Over the recent years, there have been several concerns about the increasing rates of obesity, anorexia, and bulimia among the United States’ teenagers and what can be done to encourage teens to keep and maintain a healthy weight. Reports have indicated that cultural influences contribute significantly or are major contributing factors to eating related disorders in the U.S. By focusing on two eating disorders as per chapter six of this reading, anorexia affects about 0.5 and 0.1% of women and men respectively while bulimia affects 1-3 and 0.1% of women and men respectively.
Levine & Munsch (2017) define anorexia as an obsessive fear of gaining weight thus limiting the food the U.S. teenagers consume while bulimia is the behavior of binge eating followed by a tendency to lose weight like forced vomiting or over-exercising. With these said, it is important to find out the cultural influences that contribute to eating related disorders among the United States’ teenagers to establish mechanisms which can be done to encourage U.S teenagers to maintain a healthy weight.
Cultural Practices that facilitate ED among the U.S. Teenagers
The media exposure of models of body images is one of the cultural factors that contribute to eating disorders among the female teenagers. Based on the media portrayals, the slim young teens are considered to be sexy and attractive and as a result, young ladies have copied this mentality and they are foregoing meals just to have slim and attractive bodies. As a result, portrayal of the media images has become one of the leading factors for the development of anorexia and bulimia nervosas.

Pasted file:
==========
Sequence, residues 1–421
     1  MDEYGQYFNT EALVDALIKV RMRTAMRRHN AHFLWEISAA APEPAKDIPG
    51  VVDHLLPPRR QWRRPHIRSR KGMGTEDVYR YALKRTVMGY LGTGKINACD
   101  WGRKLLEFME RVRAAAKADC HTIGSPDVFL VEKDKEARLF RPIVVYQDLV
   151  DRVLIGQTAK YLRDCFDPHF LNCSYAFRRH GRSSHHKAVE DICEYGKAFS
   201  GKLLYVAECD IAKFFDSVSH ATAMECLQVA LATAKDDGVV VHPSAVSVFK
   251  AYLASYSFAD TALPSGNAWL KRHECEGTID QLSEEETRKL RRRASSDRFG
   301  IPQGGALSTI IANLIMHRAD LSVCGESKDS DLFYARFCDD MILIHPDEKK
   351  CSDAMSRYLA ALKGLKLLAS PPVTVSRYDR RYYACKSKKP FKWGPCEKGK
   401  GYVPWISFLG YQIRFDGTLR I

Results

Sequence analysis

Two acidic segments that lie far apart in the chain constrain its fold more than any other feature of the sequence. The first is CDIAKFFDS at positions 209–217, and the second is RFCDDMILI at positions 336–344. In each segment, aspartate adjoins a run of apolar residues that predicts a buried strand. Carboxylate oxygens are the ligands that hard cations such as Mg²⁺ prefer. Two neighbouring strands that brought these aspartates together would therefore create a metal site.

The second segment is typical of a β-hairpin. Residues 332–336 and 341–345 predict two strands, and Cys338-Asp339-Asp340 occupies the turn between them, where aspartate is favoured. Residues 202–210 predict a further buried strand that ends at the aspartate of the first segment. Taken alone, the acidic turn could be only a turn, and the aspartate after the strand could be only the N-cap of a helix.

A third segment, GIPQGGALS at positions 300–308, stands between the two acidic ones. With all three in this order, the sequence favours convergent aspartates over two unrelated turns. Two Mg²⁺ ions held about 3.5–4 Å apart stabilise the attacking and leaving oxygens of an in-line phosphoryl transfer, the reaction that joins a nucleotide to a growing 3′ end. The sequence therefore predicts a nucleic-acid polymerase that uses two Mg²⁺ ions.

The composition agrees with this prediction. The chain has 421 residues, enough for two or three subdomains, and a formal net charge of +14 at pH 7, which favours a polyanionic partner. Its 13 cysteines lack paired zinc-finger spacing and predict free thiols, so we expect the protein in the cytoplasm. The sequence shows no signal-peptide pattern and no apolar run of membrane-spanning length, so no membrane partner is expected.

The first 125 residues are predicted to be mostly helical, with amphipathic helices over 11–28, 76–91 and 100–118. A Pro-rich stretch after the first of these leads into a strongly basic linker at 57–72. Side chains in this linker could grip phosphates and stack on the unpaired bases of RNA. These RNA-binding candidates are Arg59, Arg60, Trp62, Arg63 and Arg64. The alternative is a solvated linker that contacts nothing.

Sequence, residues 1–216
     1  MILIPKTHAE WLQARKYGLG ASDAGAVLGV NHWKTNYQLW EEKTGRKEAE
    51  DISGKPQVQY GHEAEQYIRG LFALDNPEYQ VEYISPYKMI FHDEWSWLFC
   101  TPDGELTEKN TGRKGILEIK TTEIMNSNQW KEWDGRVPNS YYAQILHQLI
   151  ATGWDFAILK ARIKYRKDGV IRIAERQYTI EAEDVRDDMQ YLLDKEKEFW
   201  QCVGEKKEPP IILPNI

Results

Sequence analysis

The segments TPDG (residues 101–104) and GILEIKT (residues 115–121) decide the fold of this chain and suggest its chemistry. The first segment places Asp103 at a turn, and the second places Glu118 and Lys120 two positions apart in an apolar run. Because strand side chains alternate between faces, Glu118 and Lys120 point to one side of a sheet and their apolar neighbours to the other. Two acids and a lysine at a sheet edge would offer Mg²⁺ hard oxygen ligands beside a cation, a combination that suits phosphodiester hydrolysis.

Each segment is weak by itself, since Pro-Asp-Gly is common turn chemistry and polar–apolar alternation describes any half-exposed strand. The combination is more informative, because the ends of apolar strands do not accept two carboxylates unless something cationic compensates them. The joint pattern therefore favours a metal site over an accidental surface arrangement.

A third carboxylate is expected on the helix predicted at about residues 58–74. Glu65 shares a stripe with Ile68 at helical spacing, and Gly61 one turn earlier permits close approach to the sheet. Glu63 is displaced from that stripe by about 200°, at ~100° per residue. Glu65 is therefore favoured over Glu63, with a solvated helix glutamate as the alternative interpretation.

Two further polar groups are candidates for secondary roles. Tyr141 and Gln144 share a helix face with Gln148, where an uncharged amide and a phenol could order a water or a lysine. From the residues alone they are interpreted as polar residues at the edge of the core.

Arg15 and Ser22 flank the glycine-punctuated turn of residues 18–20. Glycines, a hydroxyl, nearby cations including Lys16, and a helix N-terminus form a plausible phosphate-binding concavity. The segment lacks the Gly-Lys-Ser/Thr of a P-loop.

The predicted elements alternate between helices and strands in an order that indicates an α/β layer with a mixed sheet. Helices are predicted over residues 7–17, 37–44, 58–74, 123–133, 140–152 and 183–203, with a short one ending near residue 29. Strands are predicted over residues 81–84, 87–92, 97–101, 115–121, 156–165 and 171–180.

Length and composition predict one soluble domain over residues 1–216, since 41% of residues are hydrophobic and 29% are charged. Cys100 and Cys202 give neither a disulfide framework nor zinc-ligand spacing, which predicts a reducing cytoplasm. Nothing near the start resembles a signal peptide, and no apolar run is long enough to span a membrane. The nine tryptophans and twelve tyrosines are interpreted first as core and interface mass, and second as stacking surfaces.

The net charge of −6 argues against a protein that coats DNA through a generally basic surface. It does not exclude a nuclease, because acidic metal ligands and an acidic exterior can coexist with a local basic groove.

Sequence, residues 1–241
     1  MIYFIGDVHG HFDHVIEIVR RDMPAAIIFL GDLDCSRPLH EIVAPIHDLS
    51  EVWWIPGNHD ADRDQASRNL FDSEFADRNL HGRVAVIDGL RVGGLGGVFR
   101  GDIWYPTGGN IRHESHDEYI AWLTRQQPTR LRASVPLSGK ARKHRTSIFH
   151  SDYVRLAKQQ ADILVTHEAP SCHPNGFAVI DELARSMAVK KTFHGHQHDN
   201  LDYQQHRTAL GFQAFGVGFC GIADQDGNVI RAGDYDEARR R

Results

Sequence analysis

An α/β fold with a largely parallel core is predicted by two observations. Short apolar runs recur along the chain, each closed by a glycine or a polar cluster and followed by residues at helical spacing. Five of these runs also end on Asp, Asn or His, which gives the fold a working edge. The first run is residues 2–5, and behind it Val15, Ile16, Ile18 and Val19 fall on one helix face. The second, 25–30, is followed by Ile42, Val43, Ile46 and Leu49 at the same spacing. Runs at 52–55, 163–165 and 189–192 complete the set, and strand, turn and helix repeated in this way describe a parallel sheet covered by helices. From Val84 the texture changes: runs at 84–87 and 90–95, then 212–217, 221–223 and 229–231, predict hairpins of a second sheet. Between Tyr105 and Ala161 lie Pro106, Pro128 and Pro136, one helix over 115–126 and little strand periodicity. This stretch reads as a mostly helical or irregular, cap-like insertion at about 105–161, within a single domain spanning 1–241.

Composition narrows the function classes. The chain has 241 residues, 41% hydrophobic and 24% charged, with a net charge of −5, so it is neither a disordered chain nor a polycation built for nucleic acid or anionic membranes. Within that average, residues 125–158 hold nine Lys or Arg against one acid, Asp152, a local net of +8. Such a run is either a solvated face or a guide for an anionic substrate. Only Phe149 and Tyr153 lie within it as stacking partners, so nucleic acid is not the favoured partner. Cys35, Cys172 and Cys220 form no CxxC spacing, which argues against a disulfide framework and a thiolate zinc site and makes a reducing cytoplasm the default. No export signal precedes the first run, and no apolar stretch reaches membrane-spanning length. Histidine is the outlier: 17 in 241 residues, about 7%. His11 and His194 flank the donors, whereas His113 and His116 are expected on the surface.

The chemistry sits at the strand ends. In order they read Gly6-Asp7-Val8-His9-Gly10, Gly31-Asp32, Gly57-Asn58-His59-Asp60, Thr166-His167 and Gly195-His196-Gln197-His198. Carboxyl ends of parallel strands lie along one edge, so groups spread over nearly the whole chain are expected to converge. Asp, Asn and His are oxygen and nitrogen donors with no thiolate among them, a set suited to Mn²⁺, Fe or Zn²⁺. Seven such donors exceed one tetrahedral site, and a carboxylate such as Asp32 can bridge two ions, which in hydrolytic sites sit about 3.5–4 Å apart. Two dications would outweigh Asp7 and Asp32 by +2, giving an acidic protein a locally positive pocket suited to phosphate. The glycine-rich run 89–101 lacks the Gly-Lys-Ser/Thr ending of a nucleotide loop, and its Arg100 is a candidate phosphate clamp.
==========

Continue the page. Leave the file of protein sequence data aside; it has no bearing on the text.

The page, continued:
Additionally, the development of eating behaviors have contributed to the many eating disorders among the U.S. youths. Mostly, women get pushed by the society to perform their duties while maintaining their femininity, nurturance, and attractiveness. As a result, they fear eating a balanced diet because they want to conform to the societal expectations (Levine & Munsch, 2017).
Weight loss ads on magazines and web pages containing obesity crisis stories all over social media is also another culture-like influence that has led to eating disorders. There is a new trend with restaurants where it is common to find yourself in a gluten-free hotel.
Religion is another contributing factors of a cultural influence (Levine & Munsch, 2017). The tradition of fasting among denominations where spiritual purity is considered as the ideal has also led to eating disorders where one takes hours or days without eating and later doing a binge eating.
What Can Be Done to Encourage Teens to Maintain Healthy Weight
The media exposure and stereotyping or rather body shaping should to some extent be termed as a form of bullying. This will lessen the tradition of thin being seen as the perfect definition of beauty. Parents and guardians should have discussions about eating disorders and shed positive light to their children such that they may stop considering food as “bad” or “good; instead they should encourage a balanced diet and one in a while allowing the teens to have candies or fast foods (Levine & Munsch, 2017).The teenagers are also encouraged to exercise regularly by dedicating at least 60 minutes for physical activities in a day instead of over dieting.
- Levine, L. E., & Munsch, J. (2017). Child Development: An Active Learning Approach: An Active Learning Approach. Sage Publications.